Grand Rapids, Michigan is one of the greenest cities in the country, at least if you go by the number of LEED certified buildings it has. A couple of years ago, Grand Rapids was #5 on a list of cities with the most LEED certified buildings, surpassing even cities such as Chicago, San Francisco, New York, and Washington DC. Grand Rapids also has embraced renewable energy for the city. But Grand Rapids’ latest claim to green fame is that it is now the home to the first new construction LEED-certified art museum in the country.
The building is a 125,000 sf structure designed by Kulapat Yantrasast of Workshop Hakomori Yantrasast (wHY Architects). The Grand Rapids Art Museum opened just a few weeks prior to David Adjaye’s Museum of Contemporary Art in Denver, which is also expecting a LEED Gold.
It's hard not to gawk at the images of this building. So industrial and modern. It's quite striking. Built with 17 containers in 2006, this Freitag Flagship Store is probably one of the best examples of adaptive reuse that I can recall.
Financing Home 2.0. LEED certification is a hot topic for builders. A new model for green design. High performance wall systems may be coming soon. ASHRAE increases roof/wall R-value […]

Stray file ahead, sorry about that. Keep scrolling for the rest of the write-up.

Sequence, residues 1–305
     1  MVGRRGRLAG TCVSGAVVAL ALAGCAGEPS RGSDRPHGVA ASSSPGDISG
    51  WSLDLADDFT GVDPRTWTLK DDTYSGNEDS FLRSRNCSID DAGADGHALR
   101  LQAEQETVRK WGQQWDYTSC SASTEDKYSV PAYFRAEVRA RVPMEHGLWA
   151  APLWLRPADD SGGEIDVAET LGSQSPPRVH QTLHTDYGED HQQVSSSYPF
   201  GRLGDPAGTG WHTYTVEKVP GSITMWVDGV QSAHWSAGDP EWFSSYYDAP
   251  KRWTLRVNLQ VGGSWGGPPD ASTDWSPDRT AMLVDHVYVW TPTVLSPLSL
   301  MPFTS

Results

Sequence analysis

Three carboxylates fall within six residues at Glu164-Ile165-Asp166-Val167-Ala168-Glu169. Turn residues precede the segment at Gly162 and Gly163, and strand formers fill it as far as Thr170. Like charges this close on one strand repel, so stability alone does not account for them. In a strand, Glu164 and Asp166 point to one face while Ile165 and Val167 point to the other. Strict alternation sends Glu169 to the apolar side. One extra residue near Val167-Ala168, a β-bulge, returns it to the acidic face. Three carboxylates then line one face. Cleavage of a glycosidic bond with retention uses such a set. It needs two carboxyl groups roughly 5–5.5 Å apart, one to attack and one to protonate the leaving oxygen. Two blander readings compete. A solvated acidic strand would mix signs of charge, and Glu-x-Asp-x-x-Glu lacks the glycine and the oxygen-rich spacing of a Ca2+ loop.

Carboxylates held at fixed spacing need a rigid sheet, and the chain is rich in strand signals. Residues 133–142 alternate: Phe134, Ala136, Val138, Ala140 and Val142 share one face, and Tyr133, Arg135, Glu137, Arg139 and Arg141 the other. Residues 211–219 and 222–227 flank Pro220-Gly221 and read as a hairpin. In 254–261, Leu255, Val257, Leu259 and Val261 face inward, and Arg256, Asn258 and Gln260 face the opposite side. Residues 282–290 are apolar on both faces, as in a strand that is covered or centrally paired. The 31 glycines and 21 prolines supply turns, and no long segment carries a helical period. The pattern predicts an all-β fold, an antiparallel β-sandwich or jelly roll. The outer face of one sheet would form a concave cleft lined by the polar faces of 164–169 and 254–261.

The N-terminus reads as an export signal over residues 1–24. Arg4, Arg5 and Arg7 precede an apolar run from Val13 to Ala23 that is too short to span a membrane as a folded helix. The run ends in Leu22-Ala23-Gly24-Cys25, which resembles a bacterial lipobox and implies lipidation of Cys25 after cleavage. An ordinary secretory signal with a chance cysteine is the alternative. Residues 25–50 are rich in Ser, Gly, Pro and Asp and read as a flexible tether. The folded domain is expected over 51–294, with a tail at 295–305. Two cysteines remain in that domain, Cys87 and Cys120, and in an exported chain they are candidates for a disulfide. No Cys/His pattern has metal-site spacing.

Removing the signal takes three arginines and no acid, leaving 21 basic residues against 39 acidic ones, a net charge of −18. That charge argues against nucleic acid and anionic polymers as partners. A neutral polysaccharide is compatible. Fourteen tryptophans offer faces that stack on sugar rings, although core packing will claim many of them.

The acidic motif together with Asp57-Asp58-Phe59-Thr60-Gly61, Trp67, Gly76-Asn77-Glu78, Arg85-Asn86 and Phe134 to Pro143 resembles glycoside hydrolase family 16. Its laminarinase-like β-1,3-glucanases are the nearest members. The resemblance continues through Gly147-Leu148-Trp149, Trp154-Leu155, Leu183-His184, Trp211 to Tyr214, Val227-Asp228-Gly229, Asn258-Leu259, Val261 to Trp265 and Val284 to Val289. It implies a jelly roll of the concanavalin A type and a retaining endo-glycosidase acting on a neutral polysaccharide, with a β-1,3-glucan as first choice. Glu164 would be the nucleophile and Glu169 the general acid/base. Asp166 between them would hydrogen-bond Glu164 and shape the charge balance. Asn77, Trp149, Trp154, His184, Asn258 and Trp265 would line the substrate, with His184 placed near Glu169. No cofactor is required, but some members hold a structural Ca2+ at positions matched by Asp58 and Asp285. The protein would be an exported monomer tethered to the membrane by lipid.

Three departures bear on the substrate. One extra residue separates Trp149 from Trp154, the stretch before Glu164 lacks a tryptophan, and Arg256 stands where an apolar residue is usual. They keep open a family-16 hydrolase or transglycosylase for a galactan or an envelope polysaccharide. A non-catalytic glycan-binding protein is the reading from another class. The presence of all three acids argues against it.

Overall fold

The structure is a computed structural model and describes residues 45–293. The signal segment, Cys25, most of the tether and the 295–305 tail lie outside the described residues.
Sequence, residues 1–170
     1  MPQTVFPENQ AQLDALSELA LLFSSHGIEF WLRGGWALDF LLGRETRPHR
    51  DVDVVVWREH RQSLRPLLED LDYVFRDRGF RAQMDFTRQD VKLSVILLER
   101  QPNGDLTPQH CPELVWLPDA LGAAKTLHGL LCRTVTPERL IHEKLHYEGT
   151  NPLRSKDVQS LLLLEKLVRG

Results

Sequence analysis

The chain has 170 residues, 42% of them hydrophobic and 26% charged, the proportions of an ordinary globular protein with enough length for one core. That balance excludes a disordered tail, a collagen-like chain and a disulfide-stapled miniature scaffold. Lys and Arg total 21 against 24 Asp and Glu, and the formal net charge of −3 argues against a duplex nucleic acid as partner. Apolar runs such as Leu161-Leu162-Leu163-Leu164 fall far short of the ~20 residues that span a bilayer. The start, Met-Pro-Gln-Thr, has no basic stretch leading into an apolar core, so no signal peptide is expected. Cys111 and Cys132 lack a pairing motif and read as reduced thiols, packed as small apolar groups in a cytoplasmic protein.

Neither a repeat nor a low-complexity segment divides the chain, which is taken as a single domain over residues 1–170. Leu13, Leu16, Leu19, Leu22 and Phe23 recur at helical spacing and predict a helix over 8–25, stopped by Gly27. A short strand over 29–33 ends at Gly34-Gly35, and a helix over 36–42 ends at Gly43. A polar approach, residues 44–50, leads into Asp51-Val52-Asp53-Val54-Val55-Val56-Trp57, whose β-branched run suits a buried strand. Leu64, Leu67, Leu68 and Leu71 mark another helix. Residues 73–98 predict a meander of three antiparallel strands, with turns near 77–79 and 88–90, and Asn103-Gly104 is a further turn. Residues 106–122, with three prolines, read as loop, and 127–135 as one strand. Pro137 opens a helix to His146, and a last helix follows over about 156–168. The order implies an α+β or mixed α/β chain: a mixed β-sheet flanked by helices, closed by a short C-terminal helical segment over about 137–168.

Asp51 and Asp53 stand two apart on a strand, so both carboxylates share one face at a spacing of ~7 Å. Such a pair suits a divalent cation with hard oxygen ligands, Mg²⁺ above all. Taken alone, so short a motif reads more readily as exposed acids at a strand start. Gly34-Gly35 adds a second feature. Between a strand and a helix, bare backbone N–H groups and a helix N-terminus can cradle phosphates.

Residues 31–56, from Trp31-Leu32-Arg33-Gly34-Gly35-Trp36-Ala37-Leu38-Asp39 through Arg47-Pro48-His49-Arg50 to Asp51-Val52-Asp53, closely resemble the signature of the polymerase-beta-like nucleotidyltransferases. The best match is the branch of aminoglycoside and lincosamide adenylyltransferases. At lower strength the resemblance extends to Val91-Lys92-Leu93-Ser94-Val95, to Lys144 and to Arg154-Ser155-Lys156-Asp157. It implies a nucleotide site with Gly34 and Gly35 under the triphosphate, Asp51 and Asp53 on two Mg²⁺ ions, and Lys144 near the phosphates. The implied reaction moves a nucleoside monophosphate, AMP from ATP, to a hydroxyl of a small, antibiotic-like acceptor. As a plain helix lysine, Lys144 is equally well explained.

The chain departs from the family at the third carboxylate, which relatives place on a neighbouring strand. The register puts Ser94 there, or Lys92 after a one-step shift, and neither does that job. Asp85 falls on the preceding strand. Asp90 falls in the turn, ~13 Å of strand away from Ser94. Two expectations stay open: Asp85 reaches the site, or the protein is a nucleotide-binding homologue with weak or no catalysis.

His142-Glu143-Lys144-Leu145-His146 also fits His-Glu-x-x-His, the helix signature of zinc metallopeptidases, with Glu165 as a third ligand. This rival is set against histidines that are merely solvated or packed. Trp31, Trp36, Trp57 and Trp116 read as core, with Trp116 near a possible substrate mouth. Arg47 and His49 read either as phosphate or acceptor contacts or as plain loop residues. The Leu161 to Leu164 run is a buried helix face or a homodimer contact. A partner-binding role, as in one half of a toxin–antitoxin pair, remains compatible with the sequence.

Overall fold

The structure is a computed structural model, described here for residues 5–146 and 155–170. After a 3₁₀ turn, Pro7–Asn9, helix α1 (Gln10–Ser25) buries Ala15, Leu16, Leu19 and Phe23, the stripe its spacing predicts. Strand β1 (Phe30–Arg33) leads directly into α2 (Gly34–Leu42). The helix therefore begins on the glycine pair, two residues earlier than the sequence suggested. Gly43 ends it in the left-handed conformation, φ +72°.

This is seriously lowbrow, and I’m embarrassed to join the likes of celebrity media, but ole’ Mrs. Parker has something interesting to say about green building. She’s building a new home in San Antonio, […]
I ran across some news that Marquiss Wind Power just raised $1.3 M in series A funding, which, in and of itself, isn’t that big of a deal to me (because funding doesn’t = anything). That said, Marquiss Wind Power has quite the value proposition with their ducted wind turbine product called Aeropoint, a product that comes in three sizes. It’s a small-wind turbine built for commercial buildings of 1-3 floors. Based out of Folsom, California, the company had encouraging results with the first three test turbines. Actually, the results were so good the company claims purchasers should have a payback period of 2-7 years. You’ll notice that depending on a lot of different factors, a 2-7 year payback is about 2x faster than the payback for solar.
I put ‘green’ in parenthesis because the future is green, whether you, I, or anyone else likes it. That’s where this whole thing is heading. And several countries rely heavily on prefabrication for construction of homes and buildings. So I ask, after looking at the photos, does this Magic Box represent what’s to come in the future? The Magic Box is cubic and versatile and small. It can go anywhere and be used as anything. But is this the future of (green) prefab?